County Administrator Hopes reflects on achievement as he resigns from Manatee school board
Bradenton Herald | by Ryan Callihan and Giuseppe Sabella | June 3, 2021
County Administrator Scott Hopes officially resigned from his seat as a member of the Manatee School Board on Wednesday night.
The resignation follows through on a requirement included in Hopes’ employment contract with Manatee County government. Last week, Hopes was hired as a permanent county administrator and required to resign from the school district.
In an email to Gov. Ron DeSantis, Hopes reflected on his four years on the board and some of the school district’s recent accomplishments.
This is not the same district that I became a part of when first appointed, chairing and then, reelected as a sitting board member,” Hopes wrote. “I am proud to have closely worked with our current superintendent and have personally witnessed the district achieve greatness prior to, and throughout, the COVID-19 pandemic.”
Hopes’ resignation leaves four elected officials on the five-member board. DeSantis will appoint someone to serve out the 17 months remaining in Hopes’ 4-year term, though the timeline for that appointment was unclear on Thursday. As of Thursday afternoon, a spokesperson with the governor’s office had not responded to a request for comment.
After two months as acting county administrator, the Board of County Commissioners moved to put Hopes in a permanent role. However, the county has until Dec. 1 to decide whether they will keep Hopes or begin a search for a new administrator.
Hopes previously told commissioners he would prefer to remain on the school board until he had long-term assurance about his administrator job. The contract Hopes signed on May 25 provided that assurance and required him to resign by June 2.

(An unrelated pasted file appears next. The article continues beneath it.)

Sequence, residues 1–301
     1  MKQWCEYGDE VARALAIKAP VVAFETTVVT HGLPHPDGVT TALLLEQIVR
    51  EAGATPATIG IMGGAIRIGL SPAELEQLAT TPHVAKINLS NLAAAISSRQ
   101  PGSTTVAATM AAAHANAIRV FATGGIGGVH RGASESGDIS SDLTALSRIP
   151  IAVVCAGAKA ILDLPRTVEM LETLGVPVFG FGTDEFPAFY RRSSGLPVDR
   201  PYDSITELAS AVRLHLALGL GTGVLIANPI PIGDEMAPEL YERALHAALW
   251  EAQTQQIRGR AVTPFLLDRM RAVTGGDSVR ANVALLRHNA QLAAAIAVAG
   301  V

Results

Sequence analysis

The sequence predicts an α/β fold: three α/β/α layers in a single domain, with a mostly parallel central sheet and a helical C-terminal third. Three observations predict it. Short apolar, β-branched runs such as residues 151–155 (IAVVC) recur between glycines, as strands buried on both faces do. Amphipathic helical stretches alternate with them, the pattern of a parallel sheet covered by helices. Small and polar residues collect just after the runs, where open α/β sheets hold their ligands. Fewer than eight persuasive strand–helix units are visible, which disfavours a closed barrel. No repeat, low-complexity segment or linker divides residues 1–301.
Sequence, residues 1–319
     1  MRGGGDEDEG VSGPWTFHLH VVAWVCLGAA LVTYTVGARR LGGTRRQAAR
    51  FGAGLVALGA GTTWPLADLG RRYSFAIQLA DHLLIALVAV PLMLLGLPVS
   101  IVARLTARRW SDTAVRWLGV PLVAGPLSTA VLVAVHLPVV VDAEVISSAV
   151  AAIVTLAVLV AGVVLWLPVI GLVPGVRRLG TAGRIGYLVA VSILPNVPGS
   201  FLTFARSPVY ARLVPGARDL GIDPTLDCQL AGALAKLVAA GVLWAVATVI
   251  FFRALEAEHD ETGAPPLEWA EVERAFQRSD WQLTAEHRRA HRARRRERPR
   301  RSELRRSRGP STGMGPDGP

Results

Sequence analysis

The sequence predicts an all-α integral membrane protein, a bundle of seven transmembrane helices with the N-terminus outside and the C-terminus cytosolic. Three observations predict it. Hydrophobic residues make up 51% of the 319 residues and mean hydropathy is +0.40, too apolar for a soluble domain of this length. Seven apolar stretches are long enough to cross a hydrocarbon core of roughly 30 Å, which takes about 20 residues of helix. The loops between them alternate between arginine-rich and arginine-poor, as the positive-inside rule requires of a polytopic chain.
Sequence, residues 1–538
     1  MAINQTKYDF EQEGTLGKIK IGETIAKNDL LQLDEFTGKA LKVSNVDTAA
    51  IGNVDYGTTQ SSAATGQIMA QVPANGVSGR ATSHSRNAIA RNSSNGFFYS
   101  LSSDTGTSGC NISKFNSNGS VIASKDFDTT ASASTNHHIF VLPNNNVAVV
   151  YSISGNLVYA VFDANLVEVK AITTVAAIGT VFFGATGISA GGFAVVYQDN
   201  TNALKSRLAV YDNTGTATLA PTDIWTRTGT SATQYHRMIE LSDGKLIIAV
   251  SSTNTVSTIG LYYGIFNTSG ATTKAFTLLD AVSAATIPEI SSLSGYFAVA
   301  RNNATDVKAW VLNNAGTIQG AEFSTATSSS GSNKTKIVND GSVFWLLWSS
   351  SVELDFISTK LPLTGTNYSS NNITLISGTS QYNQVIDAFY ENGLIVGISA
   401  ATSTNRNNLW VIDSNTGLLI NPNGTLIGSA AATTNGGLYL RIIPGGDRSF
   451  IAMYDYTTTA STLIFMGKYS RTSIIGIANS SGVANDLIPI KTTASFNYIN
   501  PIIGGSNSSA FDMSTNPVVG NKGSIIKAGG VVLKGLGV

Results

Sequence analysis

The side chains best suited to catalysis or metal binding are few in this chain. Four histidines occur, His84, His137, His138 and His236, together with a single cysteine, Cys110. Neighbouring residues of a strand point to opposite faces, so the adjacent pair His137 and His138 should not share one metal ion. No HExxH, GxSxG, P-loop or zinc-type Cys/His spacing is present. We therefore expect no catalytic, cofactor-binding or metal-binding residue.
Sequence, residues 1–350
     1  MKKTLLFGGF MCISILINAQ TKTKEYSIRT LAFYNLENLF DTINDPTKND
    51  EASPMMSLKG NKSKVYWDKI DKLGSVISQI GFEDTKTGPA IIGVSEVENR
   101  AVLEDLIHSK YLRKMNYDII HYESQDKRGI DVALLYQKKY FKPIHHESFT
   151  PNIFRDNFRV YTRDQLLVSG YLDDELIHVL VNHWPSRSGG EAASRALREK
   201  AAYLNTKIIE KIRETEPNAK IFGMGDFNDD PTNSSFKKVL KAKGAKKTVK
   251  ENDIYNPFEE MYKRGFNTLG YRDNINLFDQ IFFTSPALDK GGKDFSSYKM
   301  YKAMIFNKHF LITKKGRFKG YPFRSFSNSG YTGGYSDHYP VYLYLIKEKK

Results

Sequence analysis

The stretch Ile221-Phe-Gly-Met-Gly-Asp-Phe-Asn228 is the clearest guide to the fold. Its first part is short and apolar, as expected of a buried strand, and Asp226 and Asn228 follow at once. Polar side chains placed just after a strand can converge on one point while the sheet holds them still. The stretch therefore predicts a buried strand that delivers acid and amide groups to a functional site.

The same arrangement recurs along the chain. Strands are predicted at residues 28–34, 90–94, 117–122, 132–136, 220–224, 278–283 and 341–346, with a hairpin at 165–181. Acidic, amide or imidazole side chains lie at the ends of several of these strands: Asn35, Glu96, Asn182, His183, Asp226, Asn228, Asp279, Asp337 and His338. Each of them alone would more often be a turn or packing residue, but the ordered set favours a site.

During a May 28 school board meeting, many of Hopes’ colleagues wished him well in his new job. As county administrator, Hopes is responsible for enacting the board’s policy decisions and the day-to-day operations of the county government’s 1,900 employees.
“You being on the board has truly been an asset, for not only myself but the whole entire organization,” Superintendent Cynthia Saunders said as she presented Hopes with a service award for his time on the board. “I don’t have to worry about you going forward because we have a lot of collaboration with the county, so we will continue to be working hand-in-hand.”
As they bid farewell, school board members said Hopes was instrumental in resolving financial issues and leading the school district’s response to the ongoing COVID-19 pandemic.
“We’ve certainly had our bumps along the way, but I’ve always respected your skillset, your intellect. You know, we’re both stubborn guys, so sometimes we just butted heads,” said school board chairman Charlie Kennedy, who tried to remove Hopes as chair in 2018. “It has been a very productive time on this board and I have enjoyed working with you and learning from you.”
Hopes was first appointed to the school board by former Gov. Rick Scott in 2017 in order to fill a vacancy left by former school board member Karen Carpenter. In 2018, Hopes won an election by a 3-percentage-point margin to keep his spot on the board.
After the county’s decision to part ways with former County Administrator Cheri Coryea, Hopes quickly became the top choice to become the next administrator. Commissioner Kevin Van Ostenbridge pitched the healthcare executive as the perfect person to enact the new board’s conservative agenda.
In recent weeks, commissioners praised Hopes’ performance, including his navigation of the Piney Point crisis that required assistance from state and federal officials.
“It has been an honor to serve with my fellow board members and shape the leadership of the School District these past four years,” Hopes said in his resignation letter.
Featured image: As required in his employment contract with Manatee County Government, Scott Hopes resigned from his District 4 seat on the Manatee School Board. In this Bradenton Herald file photo, Hopes’ seat sat empty after he missed the final 40 minutes of the school district’s public meeting on April 27, 2021. Giuseppe Sabella/Bradenton Herald